1 December 4, 1893, Richardson IX, 460.



($65,037,091,197), of which thirty-nine billions ($39,544,544,333) constituted the value of the real estate.

Commenting on these data, in their relation to the act under consideration, the Chief-Justice observed, that in applying that portion of the act levying an income tax, unproductive property and all property whose net yield did not exceed four thousand dollars must be deducted from the real estate valuation. But even after such a deduction it was evident that the income from realty composed a vital part of the scheme for taxation embodied in the law. If the exempted property were struck out, and also the income from all invested personal property, bonds, stocks and investments of all kinds, it was "obvious that by far the largest part of the anticipated revenue would be eliminated, and this would leave the burden of taxation to be borne by professions, trades, employments or avocations, and in that way what was intended as a tax on capital would remain in substance a tax on occupations and labor."

The Court was unwilling to believe that such had been the intention of Congress. It did not mean to be understood as holding that an act, which by apportionment levied a direct tax on real estate and personal property, or the income of both, "might not also lay excise taxes on business, privileges, employments and vocations;" but the act of 1894 was not such an act "and the scheme must be considered as a whole.” Therefore, the Court adhered to the opinion it had announced in the earlier case, that taxes on real estate being indisputably direct taxes, taxes on the rents or incomes of real estate are equally direct taxes. It now held, in addition, that taxes on personal property, or on the income of personal property, are direct taxes also, and that the tax imposed by the act of 1894,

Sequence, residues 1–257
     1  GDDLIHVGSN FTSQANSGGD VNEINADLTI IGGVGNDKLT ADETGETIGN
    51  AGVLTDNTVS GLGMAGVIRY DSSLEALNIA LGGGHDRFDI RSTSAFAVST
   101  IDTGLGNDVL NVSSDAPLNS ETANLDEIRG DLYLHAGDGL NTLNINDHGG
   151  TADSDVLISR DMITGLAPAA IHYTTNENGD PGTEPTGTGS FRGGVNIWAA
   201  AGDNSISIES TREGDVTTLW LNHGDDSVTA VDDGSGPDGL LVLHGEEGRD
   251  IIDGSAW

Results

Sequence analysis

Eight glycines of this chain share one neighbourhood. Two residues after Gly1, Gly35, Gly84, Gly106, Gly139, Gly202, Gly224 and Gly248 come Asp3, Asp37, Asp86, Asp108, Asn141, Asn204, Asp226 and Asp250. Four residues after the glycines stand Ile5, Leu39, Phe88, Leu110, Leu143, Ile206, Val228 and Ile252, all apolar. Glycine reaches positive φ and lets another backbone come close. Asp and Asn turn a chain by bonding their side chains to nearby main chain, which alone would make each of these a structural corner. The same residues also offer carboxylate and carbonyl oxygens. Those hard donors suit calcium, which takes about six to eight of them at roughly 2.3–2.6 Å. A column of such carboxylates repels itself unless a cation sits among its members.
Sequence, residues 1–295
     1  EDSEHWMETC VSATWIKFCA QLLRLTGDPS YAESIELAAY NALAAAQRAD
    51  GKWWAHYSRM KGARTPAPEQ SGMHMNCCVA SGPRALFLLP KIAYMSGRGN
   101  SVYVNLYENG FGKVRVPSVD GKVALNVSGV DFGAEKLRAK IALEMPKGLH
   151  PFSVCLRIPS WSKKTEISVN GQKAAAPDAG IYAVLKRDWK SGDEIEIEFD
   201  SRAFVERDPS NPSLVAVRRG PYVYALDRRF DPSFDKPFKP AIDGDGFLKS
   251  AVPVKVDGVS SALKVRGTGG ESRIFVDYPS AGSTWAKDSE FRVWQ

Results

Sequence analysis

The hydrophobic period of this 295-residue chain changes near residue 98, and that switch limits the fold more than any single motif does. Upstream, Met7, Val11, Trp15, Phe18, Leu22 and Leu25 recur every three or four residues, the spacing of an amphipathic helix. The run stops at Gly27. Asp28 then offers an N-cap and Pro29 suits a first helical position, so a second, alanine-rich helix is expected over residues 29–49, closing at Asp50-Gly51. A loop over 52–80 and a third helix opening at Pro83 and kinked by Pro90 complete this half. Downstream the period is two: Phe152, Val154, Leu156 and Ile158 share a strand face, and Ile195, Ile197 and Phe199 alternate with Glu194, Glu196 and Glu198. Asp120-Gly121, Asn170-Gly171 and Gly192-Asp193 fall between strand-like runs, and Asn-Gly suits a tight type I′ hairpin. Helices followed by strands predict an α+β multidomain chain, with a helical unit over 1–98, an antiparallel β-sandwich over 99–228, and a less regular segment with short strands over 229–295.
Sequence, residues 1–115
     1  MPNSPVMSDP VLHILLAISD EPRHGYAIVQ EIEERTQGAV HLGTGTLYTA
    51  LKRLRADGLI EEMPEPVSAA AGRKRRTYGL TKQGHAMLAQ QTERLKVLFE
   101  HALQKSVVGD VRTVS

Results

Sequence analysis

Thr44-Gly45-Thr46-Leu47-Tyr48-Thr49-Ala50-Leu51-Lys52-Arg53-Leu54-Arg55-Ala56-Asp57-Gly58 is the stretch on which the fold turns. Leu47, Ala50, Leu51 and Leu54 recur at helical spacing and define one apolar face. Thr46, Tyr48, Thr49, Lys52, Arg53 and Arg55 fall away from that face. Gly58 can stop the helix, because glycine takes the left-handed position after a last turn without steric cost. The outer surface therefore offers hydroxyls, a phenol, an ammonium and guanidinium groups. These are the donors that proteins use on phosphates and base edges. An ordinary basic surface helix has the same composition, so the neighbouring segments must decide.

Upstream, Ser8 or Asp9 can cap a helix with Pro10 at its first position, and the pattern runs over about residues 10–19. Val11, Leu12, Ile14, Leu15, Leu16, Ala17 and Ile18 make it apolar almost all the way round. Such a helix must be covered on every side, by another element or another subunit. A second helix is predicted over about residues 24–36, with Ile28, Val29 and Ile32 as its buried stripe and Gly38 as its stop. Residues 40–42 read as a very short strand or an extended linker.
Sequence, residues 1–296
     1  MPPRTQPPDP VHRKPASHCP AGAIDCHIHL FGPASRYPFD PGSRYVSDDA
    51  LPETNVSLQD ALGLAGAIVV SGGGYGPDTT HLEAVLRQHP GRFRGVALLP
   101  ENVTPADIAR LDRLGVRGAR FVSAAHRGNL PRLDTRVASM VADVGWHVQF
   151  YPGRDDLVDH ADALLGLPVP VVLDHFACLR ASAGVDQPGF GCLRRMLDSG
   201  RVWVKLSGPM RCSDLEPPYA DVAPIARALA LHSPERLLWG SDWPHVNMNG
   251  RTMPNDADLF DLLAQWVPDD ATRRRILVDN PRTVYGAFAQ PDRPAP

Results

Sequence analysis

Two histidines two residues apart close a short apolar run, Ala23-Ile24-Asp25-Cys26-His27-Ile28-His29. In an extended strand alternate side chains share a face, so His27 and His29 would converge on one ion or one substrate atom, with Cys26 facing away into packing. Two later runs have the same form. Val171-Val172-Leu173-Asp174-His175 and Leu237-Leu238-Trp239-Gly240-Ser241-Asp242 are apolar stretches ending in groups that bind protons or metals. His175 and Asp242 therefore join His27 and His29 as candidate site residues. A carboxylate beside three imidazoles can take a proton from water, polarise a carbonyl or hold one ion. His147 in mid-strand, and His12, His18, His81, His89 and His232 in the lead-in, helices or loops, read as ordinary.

1 Sections 27-37 inclusive,



so far as it fell on the income of real estate and of personal property, was a direct tax within the meaning of the Constitution; and because it was not apportioned according to representation was unconstitutional and void. From this opinion four of the justices dissented.1

The final decision of the Court greatly disappointed many who had long been demanding a graduated income tax. These had complained that capital invested in franchises and corporations escaped paying its share of public taxation. The farming class and many of the smaller landowners throughout the country complained that too great a proportion of the burden of supporting the Government fell upon

land. The decision in the income tax cases was made a political issue in the campaign of 1896. The Democrats attributed the cause of the subsequent deficit in the public revenues to the annulment by the Supreme Court of the income tax clauses in the Wilson-Gorman act. The party declared that this law had been passed by a Democratic Congress "in strict pursuance of the uniform decisions of that Court for nearly one hundred years, that it was the duty of Congress to use all the constitutional power which remained after that decision, or which might come by its reversal by the Court, as the Court might thereafter be constituted, so that the burdens of taxation might be impartially laid and wealth bear its due proportions of expenses of the government. The Peoples Party, more explicit, pointedly demanded a graduated income tax in order that aggregated wealth should bear its just proportion of taxation, and denounced the recent

113 and

1 Justices Harlan, Brown, Jackson and White.

2 See National People's Party Platform, Omaha, July 2, 1892. Compare Democratic platform, Chicago, June 21, 1892; United Labor platform, Cincinnati, May 16, 1888; Greenback platform, Chicago, June 9-11, 1880.

8 Democratic platform, Chicago, July 8, 1896.